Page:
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Research videos: study in monkeys shows diet during pregnancy affects child’s brain development, behavior

Study aims to identify risk factors for mental health disorders such as ADHD, Autism Spectrum Disorder, anxiety and depression
Japanese macaque
Japanese macaques at the Oregon National Primate Research Center. (OHSU/Kristyna Wentz-Graff)

Purpose of our research

The overall objective of this research is to identify early environmental risk factors for mental health disorders such as Attention Deficit Hyperactivity Disorder (ADHD), Autism Spectrum Disorder (ASD), anxiety and depression. Mental health disorders are very common, with 1 in 6 U.S. children diagnosed with a mental, behavioral or developmental disorder. More than 6 million U.S. children currently are diagnosed with ADHD and 4.4 million are diagnosed with anxiety. It is well-recognized that smoking (reported in 7.2% of women) and drinking (reported in 11.5% of women) while pregnant can be detrimental to the developing child. However, few people recognize the influence that a mother’s diet can have on a baby’s brain development and behavior.

We are all familiar with the phrase “You are what you eat.” This concept also appears to apply to children in the prenatal stage of life. Several studies suggest that a mother’s diet can have significant lifelong impacts on the health of their unborn children. More specifically, exposure to a Western-style diet during early development has been hypothesized to pose metabolic risks to offspring and influence their brain development and mental health. Examination of this hypothesis is critically important given the global increase in the prevalence of both maternal obesity and neurodevelopmental disorders in children. In the U.S., two-thirds of women of child-bearing age are overweight and obese, and consume a Western-style diet.

This study examines the influence of a mother’s diet during pregnancy and the early postpartum period on brain development and behavior of her children utilizing a non-human primate model.

Why our research requires the study of animals

It is challenging to study maternal diet in human participants due to difficulty in accurately monitoring food intake and ethical issues related to manipulating the diet of pregnant women. The use of nonhuman primates is important, as they have similar timing of brain development, similar brain structure and similar complex behavior as humans. Further, environmental factors, such as the mother’s diet, can be carefully controlled.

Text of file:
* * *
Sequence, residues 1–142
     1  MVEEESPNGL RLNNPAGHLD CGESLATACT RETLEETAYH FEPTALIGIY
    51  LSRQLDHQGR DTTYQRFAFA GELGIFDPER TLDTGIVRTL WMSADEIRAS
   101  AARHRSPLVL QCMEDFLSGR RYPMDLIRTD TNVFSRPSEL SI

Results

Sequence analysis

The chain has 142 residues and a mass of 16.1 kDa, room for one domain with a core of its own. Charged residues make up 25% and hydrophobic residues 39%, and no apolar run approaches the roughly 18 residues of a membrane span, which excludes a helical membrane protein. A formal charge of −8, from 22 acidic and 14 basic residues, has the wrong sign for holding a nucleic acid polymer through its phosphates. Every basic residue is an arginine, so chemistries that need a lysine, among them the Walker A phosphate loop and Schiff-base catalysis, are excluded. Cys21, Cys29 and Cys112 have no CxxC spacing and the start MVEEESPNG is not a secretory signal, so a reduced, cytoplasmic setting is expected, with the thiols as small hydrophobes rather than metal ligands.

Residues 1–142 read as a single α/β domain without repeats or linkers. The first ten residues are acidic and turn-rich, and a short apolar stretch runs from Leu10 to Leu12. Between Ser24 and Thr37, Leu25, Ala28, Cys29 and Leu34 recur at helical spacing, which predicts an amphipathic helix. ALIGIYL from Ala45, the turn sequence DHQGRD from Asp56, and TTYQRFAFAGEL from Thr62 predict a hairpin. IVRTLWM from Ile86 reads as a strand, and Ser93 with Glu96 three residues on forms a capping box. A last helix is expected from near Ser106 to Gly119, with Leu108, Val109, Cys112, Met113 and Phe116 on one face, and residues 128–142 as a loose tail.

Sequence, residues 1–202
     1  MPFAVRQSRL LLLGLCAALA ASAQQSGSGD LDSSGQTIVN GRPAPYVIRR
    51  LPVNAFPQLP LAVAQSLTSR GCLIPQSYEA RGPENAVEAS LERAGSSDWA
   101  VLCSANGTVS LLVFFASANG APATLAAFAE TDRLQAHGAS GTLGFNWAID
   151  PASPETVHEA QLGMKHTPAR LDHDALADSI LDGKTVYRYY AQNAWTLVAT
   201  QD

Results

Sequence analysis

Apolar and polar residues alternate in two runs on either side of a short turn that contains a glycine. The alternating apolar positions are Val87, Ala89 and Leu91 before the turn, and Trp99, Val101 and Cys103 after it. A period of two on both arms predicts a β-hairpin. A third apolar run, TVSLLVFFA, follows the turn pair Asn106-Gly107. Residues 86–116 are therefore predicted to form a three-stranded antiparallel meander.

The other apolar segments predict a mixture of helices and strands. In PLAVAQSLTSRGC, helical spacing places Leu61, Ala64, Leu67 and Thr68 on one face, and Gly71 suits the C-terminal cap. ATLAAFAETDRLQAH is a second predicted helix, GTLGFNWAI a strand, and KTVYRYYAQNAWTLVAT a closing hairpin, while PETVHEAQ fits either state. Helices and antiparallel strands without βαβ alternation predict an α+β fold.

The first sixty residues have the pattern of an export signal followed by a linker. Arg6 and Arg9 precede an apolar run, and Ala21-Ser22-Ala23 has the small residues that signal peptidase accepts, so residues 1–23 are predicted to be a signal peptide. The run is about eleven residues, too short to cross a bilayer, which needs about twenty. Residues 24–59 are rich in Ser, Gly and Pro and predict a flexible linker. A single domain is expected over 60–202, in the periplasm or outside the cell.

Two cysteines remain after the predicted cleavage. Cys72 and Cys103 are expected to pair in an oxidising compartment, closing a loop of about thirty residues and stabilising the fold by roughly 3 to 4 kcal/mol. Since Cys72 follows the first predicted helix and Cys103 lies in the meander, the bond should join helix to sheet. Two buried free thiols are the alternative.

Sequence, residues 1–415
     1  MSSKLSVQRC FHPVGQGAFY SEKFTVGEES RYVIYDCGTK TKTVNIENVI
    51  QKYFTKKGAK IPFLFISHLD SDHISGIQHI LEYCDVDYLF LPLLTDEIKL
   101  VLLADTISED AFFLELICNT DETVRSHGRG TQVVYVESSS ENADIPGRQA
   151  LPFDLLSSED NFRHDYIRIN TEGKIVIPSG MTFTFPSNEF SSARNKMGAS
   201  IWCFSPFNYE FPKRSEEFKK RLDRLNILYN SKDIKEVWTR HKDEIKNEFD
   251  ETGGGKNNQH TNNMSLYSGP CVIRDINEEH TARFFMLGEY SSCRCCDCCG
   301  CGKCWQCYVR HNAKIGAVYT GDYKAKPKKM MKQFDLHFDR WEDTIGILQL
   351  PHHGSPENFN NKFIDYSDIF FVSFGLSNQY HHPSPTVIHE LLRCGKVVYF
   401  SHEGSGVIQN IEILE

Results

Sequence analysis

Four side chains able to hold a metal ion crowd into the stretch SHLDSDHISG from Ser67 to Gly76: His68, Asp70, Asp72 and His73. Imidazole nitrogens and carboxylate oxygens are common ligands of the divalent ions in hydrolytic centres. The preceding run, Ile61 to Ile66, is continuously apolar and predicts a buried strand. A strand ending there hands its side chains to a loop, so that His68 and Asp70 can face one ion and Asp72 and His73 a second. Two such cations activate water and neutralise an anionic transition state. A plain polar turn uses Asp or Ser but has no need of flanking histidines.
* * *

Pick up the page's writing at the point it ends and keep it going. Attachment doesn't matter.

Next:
What our videos show

The videos are brief (approximately 30 minutes) behavioral assessments of 74 eleven-month-old Japanese macaques. These juvenile monkeys (approximately equivalent to a 3-year-old human) were born in social groups to mothers fed either a control diet (standard monkey chow) or a Western-style diet (with a higher content of fat and sugar) designed to mimic the average American diet.

The behavioral assessments in these videos comprise the Human Intruder and Novel Object tests. These kinds of tests are standard and commonly used in humans and animals to reliably examine individual differences in temperament (boldness versus shyness), anxiety and stress response in a controlled setting. The tests we use at the Oregon National Primate Research Center were adapted from those conducted in human health clinic settings to assess these same behaviors in infants and toddlers.

In children and other animals, temperament is assessed by measuring an individual’s response to novel stimuli or situations (such as a new environment). The novel stimuli can be social (e.g., an unfamiliar person) or nonsocial (e.g., a new toy or food item). When introduced to novelty, most children will happily approach and inspect it. Anxious or stress-sensitive children, on the other hand, tend not to approach the objects; these children will often remain motionless or may start to cry. Other animals, including monkeys, respond similarly. Measuring temperament, emotional regulation and stress sensitivity is important, as impairments in emotional regulation and increased negative mood are prominent drivers of clinical referral in children with common, early-onset disorders, such as Attention-Deficit Hyperactivity Disorder (ADHD), Autism Spectrum Disorders (ASD), anxiety, and depression.

All of the juvenile monkeys that took part in this study lived within indoor/outdoor social groups, consisting of about 12 to 15 other monkeys. Their enclosures have swings, pools (in the summertime), puzzle feeders and toys for the monkeys to use.